TIFFANY: What are some of the simplest changes a church can make to improve its weekend service experience?
AMY: These are changes any church, no matter the size, can start doing right away:
- Give your Lead Pastor time to write, prepare and develop the weekend message. Find ways to offload tasks and responsibilities that someone else can do so that the Lead Pastor can do what only the Lead Pastor can do. Giving more time to your communicator to read, think, write and prepare will instantly improve your weekend experience.
- Invite feedback. Give some trusted people permission to tell you what’s working and what’s not in your weekend service. Let them help identify the blind spots that you don’t see. This is especially important for anyone on your platform! Pastors who teach and worship leaders who lead do not have a full perspective on the effectiveness of their message or worship time.
- Assign someone to represent “the average new person.” Give someone the responsibility to take in the weekend service through the eyes of a new person. Better yet, have this person go to church with a new person. I guarantee they will see things they’ve never paid attention to before. All of a sudden it matters how long the announcements are, how good the music is, and how applicable the message is. And then…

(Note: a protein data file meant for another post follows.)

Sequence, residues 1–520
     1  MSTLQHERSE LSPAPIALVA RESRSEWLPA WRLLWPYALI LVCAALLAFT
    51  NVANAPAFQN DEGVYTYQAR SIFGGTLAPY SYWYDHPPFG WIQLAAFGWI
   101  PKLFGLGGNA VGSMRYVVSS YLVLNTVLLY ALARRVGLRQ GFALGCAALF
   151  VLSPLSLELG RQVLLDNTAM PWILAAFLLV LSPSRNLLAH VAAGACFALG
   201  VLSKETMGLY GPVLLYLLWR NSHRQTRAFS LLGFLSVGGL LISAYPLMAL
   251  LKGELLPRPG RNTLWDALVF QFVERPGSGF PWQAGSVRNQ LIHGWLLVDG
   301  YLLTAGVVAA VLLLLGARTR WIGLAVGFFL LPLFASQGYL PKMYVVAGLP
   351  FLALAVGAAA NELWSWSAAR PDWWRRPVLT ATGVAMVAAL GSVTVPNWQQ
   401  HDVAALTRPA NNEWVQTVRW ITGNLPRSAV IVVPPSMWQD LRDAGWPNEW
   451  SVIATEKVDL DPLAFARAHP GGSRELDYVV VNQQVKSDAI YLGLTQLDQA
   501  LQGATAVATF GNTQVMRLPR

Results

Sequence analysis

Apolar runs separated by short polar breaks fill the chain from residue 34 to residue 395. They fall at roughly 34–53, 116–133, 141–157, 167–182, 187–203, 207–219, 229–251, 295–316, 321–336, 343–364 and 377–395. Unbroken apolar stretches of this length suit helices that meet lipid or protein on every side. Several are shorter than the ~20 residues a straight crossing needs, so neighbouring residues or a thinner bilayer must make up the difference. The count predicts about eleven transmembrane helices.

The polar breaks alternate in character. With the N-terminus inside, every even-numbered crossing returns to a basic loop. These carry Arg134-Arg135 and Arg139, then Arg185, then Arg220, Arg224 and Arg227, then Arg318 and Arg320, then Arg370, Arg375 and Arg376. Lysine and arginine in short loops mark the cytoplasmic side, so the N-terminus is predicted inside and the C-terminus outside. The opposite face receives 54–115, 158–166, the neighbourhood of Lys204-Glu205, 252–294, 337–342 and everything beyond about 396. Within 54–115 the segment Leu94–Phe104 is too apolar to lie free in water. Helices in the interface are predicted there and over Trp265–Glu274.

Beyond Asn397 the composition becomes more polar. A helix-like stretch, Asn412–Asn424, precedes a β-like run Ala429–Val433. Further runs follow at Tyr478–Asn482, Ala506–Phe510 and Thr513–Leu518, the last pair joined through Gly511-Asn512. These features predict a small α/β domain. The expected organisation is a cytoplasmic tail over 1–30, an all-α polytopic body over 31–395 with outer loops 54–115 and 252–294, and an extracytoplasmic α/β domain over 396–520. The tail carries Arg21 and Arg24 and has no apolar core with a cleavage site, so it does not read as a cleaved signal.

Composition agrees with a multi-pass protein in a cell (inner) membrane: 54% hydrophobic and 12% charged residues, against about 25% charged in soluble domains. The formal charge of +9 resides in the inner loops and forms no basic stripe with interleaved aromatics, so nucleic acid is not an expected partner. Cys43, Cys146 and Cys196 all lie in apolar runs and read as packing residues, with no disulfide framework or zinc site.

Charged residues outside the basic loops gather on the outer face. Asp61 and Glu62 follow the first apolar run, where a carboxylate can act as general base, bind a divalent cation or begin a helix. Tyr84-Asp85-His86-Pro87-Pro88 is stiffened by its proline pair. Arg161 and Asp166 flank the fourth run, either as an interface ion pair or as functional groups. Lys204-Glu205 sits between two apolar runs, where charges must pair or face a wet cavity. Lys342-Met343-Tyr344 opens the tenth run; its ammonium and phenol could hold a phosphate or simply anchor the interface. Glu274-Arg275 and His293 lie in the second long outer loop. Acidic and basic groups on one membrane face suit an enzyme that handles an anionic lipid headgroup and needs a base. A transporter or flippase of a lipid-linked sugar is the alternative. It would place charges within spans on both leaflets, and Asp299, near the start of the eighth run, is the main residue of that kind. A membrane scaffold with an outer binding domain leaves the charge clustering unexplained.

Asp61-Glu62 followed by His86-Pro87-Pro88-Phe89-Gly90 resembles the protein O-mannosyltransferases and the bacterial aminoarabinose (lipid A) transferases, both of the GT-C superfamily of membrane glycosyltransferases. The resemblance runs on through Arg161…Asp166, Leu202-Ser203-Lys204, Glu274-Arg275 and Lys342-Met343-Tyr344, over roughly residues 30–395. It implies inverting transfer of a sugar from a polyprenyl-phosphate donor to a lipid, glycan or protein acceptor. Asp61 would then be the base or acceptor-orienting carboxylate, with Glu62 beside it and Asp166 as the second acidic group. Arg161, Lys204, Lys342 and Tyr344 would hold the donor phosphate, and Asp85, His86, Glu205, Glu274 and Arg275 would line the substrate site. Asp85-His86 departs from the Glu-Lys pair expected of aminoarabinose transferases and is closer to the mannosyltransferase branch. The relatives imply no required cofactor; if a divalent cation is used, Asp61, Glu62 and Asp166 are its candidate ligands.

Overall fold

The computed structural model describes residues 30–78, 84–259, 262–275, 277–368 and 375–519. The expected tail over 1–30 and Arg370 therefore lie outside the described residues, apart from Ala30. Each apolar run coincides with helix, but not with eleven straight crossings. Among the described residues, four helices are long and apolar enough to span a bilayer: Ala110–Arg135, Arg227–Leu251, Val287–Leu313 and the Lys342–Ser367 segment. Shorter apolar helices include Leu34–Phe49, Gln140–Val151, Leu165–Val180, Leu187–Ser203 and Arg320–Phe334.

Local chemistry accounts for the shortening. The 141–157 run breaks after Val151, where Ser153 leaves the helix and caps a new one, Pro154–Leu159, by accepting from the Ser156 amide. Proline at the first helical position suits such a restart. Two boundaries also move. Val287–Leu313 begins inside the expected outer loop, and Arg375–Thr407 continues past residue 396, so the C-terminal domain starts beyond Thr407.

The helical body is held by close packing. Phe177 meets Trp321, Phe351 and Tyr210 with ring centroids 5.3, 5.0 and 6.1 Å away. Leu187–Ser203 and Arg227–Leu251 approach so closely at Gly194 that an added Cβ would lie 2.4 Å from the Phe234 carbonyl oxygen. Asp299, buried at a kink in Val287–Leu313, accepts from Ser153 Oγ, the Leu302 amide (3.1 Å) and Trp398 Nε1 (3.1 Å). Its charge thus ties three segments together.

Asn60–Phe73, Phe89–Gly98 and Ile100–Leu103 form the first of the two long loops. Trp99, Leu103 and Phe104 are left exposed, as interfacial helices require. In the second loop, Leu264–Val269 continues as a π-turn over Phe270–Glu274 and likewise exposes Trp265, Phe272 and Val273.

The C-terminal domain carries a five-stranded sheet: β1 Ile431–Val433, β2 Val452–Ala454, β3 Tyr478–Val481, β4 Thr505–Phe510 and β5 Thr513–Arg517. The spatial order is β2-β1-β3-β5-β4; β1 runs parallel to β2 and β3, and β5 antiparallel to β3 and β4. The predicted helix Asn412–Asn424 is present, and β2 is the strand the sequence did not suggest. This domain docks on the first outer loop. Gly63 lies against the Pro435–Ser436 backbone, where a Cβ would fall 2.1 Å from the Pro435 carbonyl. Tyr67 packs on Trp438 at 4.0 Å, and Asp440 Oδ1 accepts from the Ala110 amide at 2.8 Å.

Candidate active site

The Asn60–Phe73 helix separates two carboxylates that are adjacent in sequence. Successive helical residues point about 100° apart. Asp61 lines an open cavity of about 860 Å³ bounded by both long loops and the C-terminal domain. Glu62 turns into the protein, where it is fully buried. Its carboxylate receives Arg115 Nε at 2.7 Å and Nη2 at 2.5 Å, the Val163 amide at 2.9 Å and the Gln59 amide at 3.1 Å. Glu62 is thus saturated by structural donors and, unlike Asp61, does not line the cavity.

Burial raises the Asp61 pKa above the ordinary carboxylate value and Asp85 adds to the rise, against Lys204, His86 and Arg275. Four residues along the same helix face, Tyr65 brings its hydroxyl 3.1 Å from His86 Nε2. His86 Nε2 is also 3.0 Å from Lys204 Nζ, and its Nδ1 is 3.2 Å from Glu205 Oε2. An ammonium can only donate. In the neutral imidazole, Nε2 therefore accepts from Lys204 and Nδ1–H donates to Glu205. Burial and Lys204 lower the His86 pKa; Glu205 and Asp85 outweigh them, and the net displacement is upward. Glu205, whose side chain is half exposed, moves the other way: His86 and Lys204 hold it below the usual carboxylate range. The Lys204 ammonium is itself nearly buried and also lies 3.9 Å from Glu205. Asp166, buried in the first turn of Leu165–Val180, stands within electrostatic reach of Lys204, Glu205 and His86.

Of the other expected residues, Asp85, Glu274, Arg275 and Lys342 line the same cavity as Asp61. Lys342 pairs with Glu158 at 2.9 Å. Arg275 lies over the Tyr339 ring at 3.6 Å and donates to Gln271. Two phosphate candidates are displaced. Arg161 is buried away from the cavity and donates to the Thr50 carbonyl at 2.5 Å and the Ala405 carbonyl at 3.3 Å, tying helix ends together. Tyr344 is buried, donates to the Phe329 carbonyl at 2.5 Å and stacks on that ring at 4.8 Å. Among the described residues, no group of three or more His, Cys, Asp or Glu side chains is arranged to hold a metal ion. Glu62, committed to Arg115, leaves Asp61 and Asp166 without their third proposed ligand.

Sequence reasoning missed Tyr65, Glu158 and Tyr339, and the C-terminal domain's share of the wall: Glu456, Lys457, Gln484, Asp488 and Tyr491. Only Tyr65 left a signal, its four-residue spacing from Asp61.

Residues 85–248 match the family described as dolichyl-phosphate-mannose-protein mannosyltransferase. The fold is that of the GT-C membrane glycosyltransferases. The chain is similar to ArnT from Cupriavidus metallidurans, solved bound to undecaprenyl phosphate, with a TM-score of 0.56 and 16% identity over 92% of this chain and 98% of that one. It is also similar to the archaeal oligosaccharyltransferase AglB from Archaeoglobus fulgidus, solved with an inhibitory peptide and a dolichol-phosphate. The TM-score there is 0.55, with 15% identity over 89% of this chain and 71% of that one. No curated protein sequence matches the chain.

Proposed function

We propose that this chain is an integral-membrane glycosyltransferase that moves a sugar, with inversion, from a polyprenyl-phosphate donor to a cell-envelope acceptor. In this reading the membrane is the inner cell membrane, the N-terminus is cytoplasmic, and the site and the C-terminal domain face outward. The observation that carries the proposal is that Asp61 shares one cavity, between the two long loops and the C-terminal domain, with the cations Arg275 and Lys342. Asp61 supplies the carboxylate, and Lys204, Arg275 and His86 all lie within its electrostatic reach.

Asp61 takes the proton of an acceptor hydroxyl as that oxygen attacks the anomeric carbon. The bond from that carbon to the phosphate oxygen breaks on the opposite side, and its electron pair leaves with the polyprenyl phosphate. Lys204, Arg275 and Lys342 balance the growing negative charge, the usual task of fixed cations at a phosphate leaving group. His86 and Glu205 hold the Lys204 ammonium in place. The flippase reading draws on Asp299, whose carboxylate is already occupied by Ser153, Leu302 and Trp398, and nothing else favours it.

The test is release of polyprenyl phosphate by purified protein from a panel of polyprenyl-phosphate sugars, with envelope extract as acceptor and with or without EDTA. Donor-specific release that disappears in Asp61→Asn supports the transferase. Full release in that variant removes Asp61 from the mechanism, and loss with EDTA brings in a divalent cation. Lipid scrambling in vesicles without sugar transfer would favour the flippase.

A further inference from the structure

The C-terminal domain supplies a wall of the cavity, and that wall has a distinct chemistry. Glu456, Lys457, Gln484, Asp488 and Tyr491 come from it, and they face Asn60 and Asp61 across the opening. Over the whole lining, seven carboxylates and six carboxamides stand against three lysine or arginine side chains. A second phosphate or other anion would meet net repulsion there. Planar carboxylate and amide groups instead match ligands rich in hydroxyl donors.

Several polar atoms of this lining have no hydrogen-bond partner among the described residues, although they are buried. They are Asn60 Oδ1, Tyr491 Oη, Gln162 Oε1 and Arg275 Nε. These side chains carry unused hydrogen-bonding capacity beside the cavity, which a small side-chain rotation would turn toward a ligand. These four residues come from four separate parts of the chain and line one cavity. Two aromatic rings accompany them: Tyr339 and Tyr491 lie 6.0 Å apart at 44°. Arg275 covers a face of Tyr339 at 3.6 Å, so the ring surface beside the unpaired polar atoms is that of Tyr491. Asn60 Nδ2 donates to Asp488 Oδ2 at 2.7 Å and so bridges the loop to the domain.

- Commit to making the tough calls. Not everyone gets to be on the platform. Not every activity gets to be announced. Not every singer gets a solo. Excellence and effectiveness are in the details. Making the right, often tough, calls is what will move your weekend services from good to great.
TIFFANY: Last question. In your opinion, what’s the single most important creative element churches should be investing in to connect with the next generation?
AMY: When you ask what is the the most important creative element, my answer is video. And to be more specific, it’s video for the primary purpose of telling stories. Story is king with the next generation. Real stories of transformation, hope and healing.